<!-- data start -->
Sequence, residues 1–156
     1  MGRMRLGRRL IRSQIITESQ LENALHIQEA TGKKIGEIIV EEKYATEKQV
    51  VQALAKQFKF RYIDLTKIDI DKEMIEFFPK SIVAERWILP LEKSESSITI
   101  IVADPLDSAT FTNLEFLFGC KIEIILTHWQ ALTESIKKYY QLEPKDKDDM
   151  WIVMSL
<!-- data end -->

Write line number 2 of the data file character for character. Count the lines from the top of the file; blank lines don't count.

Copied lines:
     1  MGRMRLGRRL IRSQIITESQ LENALHIQEA TGKKIGEIIV EEKYATEKQV